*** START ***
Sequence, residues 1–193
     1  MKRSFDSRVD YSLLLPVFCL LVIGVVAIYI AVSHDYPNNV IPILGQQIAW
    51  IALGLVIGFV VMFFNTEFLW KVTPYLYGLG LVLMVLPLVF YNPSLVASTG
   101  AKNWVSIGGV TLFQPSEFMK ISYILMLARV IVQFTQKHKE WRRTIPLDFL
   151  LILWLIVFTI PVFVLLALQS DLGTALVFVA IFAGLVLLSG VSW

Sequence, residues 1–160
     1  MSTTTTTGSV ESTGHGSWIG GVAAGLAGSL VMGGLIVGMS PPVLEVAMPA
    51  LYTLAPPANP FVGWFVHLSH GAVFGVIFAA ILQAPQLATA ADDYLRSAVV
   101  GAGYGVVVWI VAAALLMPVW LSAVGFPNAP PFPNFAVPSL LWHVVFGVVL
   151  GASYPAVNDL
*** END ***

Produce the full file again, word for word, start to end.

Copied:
Sequence, residues 1–193
     1  MKRSFDSRVD YSLLLPVFCL LVIGVVAIYI AVSHDYPNNV IPILGQQIAW
    51  IALGLVIGFV VMFFNTEFLW KVTPYLYGLG LVLMVLPLVF YNPSLVASTG
   101  AKNWVSIGGV TLFQPSEFMK ISYILMLARV IVQFTQKHKE WRRTIPLDFL
   151  LILWLIVFTI PVFVLLALQS DLGTALVFVA IFAGLVLLSG VSW

Sequence, residues 1–160
     1  MSTTTTTGSV ESTGHGSWIG GVAAGLAGSL VMGGLIVGMS PPVLEVAMPA
    51  LYTLAPPANP FVGWFVHLSH GAVFGVIFAA ILQAPQLATA ADDYLRSAVV
   101  GAGYGVVVWI VAAALLMPVW LSAVGFPNAP PFPNFAVPSL LWHVVFGVVL
   151  GASYPAVNDL